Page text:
Cheiranthus is an evergreen perennial herbaceous plant native to Europe and the Canary Islands; these plants do not tolerate winter cold very well, and therefore they are often grown as annuals or biennials, they are easily self-seeded and are therefore very suitable for running. A common name for this type of plant is violaciocca.
These herbaceous plants have erect stems, 25-40 cm tall, branched at the apex, with green leaves, sometimes pubescent; in spring they produce numerous ears covered with small flowers with four petals, very similar to phloxes; the violet ones have fragrant flowers, pink, red, yellow, orange or purple, often with zoning or bronze-colored stains. For a more abundant flowering of the Cheiranthus it is recommended to trim the spikes of withered flowers.
In order to have a better development of the Cheiranthus plants, it is good to put it in a sunny place, or even in the partial shade, where they can receive some hours of direct sunlight during the course of the day; the violaciocca plants generally fear temperatures below -5 ° C, in places with harsh winters they should be considered annual plants, or they should be grown in pots and placed in a sheltered place when the outside temperatures begin to be colder.
The violaciocca plants are generally satisfied with the rains, and can withstand long periods of drought; It is however necessary to water the plants in case of long periods with no precipitation. When it is in the presence of very young specimens it is good to intervene with the most constant supply of water, taking care to let the soil dry well between one watering and another and checking that there is no possibility of water stagnation which would be harmful.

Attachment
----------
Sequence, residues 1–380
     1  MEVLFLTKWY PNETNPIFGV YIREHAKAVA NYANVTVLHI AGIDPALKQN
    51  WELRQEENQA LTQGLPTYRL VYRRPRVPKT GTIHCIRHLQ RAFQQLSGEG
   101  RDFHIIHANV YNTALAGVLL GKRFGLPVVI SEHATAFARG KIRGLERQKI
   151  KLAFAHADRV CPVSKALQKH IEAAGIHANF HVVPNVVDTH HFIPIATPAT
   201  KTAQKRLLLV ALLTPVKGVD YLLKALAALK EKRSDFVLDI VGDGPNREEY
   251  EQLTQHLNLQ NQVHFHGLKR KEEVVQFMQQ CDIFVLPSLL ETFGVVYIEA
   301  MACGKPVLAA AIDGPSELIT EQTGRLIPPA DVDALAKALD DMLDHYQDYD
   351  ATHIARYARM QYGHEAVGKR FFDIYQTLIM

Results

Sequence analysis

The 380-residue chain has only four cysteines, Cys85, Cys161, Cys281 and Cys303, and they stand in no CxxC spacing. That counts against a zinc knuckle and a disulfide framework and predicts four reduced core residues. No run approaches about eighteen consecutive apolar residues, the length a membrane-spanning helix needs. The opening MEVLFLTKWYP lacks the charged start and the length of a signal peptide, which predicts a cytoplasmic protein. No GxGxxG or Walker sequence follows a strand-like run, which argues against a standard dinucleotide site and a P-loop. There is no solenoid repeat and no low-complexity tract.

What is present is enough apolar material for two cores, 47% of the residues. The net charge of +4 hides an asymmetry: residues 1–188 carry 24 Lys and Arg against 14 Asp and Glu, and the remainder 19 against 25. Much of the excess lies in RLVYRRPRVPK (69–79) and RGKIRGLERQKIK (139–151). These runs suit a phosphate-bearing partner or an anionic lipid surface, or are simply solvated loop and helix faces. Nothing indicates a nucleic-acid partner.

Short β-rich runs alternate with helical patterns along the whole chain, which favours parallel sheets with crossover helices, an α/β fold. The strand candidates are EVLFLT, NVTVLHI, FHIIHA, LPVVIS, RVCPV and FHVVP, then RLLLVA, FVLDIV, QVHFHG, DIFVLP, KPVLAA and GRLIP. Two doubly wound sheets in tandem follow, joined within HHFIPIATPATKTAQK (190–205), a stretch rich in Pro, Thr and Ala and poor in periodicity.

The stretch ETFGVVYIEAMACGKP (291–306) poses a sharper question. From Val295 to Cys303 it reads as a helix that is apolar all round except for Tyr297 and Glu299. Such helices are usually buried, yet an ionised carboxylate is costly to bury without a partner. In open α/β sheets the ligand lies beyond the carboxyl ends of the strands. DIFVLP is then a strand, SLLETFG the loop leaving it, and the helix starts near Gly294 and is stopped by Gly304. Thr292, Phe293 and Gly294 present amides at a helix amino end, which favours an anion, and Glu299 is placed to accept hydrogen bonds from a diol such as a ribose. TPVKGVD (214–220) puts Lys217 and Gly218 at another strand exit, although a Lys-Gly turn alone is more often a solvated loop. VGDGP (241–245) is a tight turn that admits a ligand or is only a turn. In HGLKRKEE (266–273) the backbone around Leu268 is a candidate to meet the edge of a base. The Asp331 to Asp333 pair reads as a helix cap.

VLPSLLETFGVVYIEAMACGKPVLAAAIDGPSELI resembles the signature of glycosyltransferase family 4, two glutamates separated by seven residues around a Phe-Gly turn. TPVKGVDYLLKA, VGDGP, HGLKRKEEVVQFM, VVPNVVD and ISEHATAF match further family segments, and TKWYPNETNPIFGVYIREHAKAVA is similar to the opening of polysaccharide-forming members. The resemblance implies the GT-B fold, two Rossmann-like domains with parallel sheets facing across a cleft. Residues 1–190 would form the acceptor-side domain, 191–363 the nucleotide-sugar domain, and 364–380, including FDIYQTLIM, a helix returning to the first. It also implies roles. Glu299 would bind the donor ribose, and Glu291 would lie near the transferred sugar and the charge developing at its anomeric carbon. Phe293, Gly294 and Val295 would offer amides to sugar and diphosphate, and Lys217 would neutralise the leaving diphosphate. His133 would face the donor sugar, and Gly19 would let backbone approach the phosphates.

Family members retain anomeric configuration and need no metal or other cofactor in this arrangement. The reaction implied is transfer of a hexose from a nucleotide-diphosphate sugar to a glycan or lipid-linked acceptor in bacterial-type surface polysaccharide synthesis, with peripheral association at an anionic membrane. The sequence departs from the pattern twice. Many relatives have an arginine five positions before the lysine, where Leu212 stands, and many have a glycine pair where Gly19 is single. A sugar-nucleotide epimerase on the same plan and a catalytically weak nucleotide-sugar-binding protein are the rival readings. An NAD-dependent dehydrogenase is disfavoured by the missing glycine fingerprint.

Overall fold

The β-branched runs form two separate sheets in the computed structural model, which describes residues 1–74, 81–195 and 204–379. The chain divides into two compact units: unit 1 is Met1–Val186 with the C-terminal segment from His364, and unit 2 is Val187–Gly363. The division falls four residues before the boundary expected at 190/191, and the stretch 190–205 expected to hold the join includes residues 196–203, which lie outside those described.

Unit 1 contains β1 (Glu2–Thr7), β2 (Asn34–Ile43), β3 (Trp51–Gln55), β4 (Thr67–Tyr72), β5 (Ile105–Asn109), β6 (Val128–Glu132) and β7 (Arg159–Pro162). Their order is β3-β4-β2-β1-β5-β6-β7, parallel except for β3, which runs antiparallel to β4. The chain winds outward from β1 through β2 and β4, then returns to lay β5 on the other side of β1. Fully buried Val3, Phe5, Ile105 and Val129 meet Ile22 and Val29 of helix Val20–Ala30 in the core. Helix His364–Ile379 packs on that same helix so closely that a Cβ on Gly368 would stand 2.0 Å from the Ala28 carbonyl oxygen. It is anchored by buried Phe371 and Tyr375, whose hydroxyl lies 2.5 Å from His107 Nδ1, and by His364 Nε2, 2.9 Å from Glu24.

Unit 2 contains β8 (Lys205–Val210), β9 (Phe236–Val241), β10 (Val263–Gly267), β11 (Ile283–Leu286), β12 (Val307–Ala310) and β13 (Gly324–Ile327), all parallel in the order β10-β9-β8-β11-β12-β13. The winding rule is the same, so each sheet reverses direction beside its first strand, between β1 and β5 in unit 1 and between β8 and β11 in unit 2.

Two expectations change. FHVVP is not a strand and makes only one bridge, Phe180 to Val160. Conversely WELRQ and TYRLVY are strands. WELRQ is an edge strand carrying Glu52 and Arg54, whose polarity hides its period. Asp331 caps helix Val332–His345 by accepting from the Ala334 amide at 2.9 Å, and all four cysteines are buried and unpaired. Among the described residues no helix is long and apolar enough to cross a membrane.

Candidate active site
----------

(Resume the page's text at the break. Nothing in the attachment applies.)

In spring it is good to bury at the foot of the plant a slow release granular fertilizer, specific for flowering plants so as to provide the Cheiranthus specimens with all the nutrients necessary for better development.
The specimens belonging to this particular variety grow without problems in any terrain, even in common garden soil; still prefer light and loose soils, very well drained because water stagnations can cause serious damage to their health; they are very suitable plants for decorating and coloring rock gardens.
Reproduction of these specimens usually occurs by seed; in February-March it is possible to sow the cheiranthus in a seedbed, in a warm bed keeping the new shoots in a protected place before the final planting, until the external temperatures are no longer pleasant and there is no risk of night frosts; It is also possible to sow directly at the house, in March-April, or during the autumn season. These plants are easy to cultivate, in fact, they often tend to self-seed.
Violaciocca - Cheiranthus: Pests and diseases
These plants are rather resistant to the attack of pests and diseases, but, occasionally, the aphids ruin the inflorescences of the violaciocca. If you notice the presence of this problem, it is good to intervene with specific products or with the use of natural preparations that can be made with garlic, boiled in water, or Marseille soap diluted in water and vaporized on the affected plant .